She asked me if she could reprint a post of mine about a recent obstetric malpractice case. In my post I pointed out that Jill's writing about macrosomia directly violated the principles ennuciated in the court decision. Specifically, Jill haa written disparagingly of the "dead baby card" but the court specifically said that informed consent REQUIRES telling a woman that her macrosomic baby might die.

I asked Jill if she could reconcile her personal views of macrosomia and her disparaging comments about the "dead baby card" with the result of a recent court case that awarded $144 million to a disabled teenager because her mother had not been informed that a big baby was at greater risk of dying of shoulder dystocia and that the mother should have been offered an elective C-section to avoid that possibility.

Jill can't do it and neither can the anonymous obstetrician who can't even bear to have his or her name publicly associated with the specific counseling. Asking me what I would say is just an attempt to dodge the issue. I have absolutely no problem accurately counseling women about the inherent dangers of childbirth including the risk of permanent injury and death.

Moreover, the blather about whether prophylactic C-section reduces mortality in large populations ignores the fact that court cases are decided on an individual basis without regard to large populations. While a policy of routine C-section for macrosomia may not improve overall outcomes, there is simply no question that an elective C-section in this specific case would have resulted in a healthy baby.

Homebirth and natural childbirth advocates who disparage the "dead baby card" demostrate a profound ignorance of the medico-legal requirements of informed consent. What they think is the appropriate way to counsel a woman violates the law and that's why no one pays any attention to the whining about the "dead baby card."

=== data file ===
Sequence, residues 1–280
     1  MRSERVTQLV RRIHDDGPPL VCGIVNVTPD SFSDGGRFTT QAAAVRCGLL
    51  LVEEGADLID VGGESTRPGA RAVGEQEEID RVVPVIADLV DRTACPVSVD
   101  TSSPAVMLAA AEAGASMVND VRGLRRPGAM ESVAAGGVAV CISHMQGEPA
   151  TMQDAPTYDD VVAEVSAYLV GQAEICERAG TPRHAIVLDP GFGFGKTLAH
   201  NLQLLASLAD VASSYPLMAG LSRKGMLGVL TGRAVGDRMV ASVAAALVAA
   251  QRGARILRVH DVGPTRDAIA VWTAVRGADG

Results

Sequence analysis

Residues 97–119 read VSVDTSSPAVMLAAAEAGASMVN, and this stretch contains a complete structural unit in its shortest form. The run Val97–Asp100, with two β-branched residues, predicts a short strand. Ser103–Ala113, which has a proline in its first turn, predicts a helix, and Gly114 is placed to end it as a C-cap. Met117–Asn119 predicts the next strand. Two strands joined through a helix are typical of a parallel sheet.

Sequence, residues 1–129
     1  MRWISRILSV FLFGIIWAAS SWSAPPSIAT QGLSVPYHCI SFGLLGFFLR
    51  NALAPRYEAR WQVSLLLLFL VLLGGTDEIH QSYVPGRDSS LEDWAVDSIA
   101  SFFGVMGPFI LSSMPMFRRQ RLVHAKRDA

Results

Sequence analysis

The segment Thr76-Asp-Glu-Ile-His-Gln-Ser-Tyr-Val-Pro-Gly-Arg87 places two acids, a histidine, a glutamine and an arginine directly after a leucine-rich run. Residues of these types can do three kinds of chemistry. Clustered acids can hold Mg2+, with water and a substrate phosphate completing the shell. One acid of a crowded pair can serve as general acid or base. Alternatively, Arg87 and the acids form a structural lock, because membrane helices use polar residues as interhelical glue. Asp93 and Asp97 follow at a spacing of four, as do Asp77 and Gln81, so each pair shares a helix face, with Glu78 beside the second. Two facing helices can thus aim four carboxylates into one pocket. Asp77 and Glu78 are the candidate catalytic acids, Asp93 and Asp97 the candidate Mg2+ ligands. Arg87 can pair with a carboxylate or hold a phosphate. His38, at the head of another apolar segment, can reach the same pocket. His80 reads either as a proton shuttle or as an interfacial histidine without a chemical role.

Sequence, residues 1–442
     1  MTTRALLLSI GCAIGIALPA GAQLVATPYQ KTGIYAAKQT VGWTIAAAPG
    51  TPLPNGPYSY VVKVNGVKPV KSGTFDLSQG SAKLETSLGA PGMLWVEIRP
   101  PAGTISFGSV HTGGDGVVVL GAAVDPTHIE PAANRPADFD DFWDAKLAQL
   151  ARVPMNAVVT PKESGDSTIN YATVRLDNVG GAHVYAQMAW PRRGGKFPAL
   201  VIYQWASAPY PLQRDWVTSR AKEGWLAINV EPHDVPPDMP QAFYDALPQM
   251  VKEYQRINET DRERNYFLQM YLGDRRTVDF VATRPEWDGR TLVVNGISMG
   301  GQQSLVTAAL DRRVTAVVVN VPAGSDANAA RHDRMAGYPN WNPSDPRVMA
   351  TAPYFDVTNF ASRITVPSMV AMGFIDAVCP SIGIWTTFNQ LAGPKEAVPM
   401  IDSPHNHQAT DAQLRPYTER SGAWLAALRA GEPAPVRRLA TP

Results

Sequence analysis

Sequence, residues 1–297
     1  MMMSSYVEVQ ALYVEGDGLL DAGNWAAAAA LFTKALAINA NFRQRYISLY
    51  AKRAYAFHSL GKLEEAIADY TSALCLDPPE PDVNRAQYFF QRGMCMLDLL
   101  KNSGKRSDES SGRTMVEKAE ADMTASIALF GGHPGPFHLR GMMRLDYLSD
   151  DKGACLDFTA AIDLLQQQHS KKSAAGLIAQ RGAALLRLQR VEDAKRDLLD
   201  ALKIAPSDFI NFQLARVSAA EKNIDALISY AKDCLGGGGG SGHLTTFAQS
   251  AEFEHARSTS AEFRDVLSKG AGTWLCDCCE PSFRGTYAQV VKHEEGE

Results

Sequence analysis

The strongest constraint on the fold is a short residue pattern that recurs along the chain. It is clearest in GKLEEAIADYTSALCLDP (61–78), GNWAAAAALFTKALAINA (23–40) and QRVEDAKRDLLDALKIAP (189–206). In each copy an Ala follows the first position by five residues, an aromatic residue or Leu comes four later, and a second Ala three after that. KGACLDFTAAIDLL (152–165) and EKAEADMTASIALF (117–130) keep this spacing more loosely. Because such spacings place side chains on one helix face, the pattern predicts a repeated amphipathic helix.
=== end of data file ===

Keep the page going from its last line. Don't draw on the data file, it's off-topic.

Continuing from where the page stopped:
Unless and until NCB and homebirth advocates learn more about the real world, no one will ever take them seriously.

November 21, 2011 | Unregistered CommenterAmy Tuteur, MD

Unless and until NCB and homebirth advocates learn more about the real world, no one will ever take them seriously.

Mmmm... Replace "NCB and homebirth advocates" with "Doctors and hospitals" and "learn more about the real world" with "stop threatening and misinforming patients" and I fully agree.

I really haven't figured you out, Dr. I mean, what could cause a person to appear to so spectacularly miss the point? Over and over and over again, no matter how it is explained? Simple trolling? A more subtle advocacy for the devil (though one which never clearly reveals its motivation)? Stupidity? Singleminded hyperfocus? Superiority complex? Learning disorder? The mystery remains...

The "dead baby card," as I understand it, consists essentially of at least a couple of the following:

-Gross overstatement of risks presented in vastly oversimplified language.

-The statement or very strong implication that the fetus/baby will die or is very likely to die.

-Refusal to consider or even discuss alternatives to the HCP's preferred course of action in a realistic and/or dispassionate manner.

-Outright, direct threats or threatening language and nonverbal cues (though generally not only nonverbal cues).

Now, others may have other definitions, and this is admittedly off the top of my head. And as with anything, it can theoretically be overapplied and bastardized*. But I have rarely seen such.

A good example of "playing the dead baby card:"

"If you attempt a VBAC, your uterus will explode and your baby will die. I won't let you do that and no other doctor I know will."

This contains the statement that "your baby will die." It includes a gross overstatement of risk-- "will," not might, and "explode," not rupture. Not to mention the causal relationship with fetal death. The vastly oversimplified (and inaccurate) language should be similarly self-evident. There is no consideration given to alternatives-- they are simply not allowed. There is a strong implied threat of patient dismissal, forced surgery without consent and/or the patient being left to fend for herself in birth.

Contrast that with a statement that, in and of itself, is false, misleading and/or inaccurate-- even coercive-- but which does not constitute (IMO), the "dead baby card":

"VBACs are too dangerous. You should have a C-Section."

Nothing in there about a dead baby. Oversimplification and inaccuracy, yes-- but there's less a statement of risk in there than a vague, relative conclusion and recommendation. It's not clear that the discussion is "over" and although it's dismissive, we don't have a threat.

Then there's...